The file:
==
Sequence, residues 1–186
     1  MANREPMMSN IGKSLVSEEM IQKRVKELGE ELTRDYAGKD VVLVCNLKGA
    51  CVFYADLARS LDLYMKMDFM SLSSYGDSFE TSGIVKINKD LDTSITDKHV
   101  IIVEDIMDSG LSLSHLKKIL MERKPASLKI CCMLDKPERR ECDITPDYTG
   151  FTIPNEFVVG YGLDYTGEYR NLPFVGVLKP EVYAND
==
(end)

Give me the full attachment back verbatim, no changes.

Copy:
Sequence, residues 1–186
     1  MANREPMMSN IGKSLVSEEM IQKRVKELGE ELTRDYAGKD VVLVCNLKGA
    51  CVFYADLARS LDLYMKMDFM SLSSYGDSFE TSGIVKINKD LDTSITDKHV
   101  IIVEDIMDSG LSLSHLKKIL MERKPASLKI CCMLDKPERR ECDITPDYTG
   151  FTIPNEFVVG YGLDYTGEYR NLPFVGVLKP EVYAND